Motor Testing – Dynamic and Static Testing

by | Jun 16, 2014 | Motor Testing

While the most common predictive maintenance (PdM) technologies, like vibration analysis and infrared thermography, seem to generate the most discussion, motor testing should also play a significant part in your reliability plan.  This non-destructive technology provides critical information about the condition of your facility’s motors; information that may not be available through other avenues.  Let’s take a look at exactly what information these tests can provide and what benefit you receive from introducing both online (dynamic) and offline (static) motor testing to your PdM portfolio.

Dynamic (Online)

Dynamic or online motor testing includes: voltage level, voltage imbalance, voltage distortion, service factor, overcurrent, efficiency, rotor bar, operating point, torque ripple, load history, haystack and operation condition tests.  These tests help determine the overall health of the motor, relative to the running conditions of its environment.  Identifying and addressing power quality or voltage issues can reduce stress on the motor’s insulation and prolong the life of the equipment.  Online testing is also one of the only ways to verify broken or cracked rotor bars.

Static (Offline)

Static or offline motor testing includes: winding resistance balance, insulation resistance (IR/MegOhm), polarization index (PI), DC high potential (Step-Voltage/HiPot), and surge testing.  Most motor failures are due to a short in the turns of the windings.  Once there is weakened insulation around the windings, a short will likely occur.  Surge testing is the only way to detect turn-to-turn, phase-to-phase, and coil-to-coil insulation problems. Dead shorts, imbalances between phases, poor connections, and weak ground wall insulation can all be identified with offline testing.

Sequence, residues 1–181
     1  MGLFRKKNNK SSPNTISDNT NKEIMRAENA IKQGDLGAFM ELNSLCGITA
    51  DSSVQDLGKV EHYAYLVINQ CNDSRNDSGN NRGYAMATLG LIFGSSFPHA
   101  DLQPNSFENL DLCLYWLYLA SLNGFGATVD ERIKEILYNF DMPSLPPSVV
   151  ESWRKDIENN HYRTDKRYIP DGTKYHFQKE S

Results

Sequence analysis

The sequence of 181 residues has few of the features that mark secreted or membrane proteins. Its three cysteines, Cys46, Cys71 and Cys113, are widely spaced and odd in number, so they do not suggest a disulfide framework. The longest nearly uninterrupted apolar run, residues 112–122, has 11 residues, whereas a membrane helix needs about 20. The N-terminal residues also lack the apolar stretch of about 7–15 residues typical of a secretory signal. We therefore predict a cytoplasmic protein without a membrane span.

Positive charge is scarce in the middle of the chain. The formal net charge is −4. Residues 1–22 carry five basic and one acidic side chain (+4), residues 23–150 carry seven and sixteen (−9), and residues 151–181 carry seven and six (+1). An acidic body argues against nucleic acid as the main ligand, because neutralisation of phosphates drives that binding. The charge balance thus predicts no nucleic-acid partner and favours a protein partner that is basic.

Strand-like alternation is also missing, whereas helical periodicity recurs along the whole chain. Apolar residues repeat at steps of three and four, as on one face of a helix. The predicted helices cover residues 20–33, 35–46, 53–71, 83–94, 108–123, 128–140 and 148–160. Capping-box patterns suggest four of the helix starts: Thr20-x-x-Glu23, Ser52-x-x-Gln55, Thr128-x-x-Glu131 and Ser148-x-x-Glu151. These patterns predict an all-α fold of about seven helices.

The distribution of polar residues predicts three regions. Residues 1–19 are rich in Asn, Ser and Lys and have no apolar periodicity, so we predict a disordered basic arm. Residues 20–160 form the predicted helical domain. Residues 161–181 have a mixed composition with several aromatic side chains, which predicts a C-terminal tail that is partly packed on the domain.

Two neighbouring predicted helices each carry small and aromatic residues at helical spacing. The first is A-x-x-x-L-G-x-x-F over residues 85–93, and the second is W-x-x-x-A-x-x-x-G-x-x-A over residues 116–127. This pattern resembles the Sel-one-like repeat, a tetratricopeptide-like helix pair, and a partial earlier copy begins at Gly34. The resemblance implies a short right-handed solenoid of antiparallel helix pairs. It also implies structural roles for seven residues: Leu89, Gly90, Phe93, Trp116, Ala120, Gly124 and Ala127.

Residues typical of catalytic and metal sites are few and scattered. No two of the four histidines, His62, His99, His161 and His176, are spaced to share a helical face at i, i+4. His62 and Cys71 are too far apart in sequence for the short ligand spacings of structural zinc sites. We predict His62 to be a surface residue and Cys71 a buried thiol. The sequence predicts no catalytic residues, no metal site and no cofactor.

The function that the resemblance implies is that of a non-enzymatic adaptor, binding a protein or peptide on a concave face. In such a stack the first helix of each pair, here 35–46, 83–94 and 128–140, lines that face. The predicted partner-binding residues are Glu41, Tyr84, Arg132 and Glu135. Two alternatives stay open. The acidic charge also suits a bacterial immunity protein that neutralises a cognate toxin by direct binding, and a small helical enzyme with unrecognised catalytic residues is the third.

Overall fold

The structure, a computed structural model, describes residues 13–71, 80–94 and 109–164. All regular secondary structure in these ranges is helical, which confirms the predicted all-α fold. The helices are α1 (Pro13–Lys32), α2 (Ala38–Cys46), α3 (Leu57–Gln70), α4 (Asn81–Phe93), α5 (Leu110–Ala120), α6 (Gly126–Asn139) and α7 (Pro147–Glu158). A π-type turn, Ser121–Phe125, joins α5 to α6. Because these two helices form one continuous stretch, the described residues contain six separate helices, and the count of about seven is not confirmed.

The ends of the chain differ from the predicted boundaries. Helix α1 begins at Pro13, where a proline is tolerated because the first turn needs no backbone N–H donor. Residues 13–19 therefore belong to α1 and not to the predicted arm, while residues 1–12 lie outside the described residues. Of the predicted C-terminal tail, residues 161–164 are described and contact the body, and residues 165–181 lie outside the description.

Here are some other important aspects to consider when starting a motor testing program at your facility:

1)     Should you purchase the equipment yourself or contract out the work?

2)     What amount of training should you provide your staff?

3)     How often should you test your critical motors?

4)     What cost savings do you expect when this technology has been implemented successfully?

These questions will have significantly different answers from facility to facility and typically vary depending on the specific equipment, number of assets, and the culture of the organization.  Start to answer these questions and evaluate how effective motor testing may or may not be for your equipment.  Not everyone’s path to a successful motor testing program is the same, but here’s what’s most important: collect pertinent motor data, understand the information that each test provides and make decisions based on that information.  Do these things correctly and you will have added another great tool to your predictive maintenance program.


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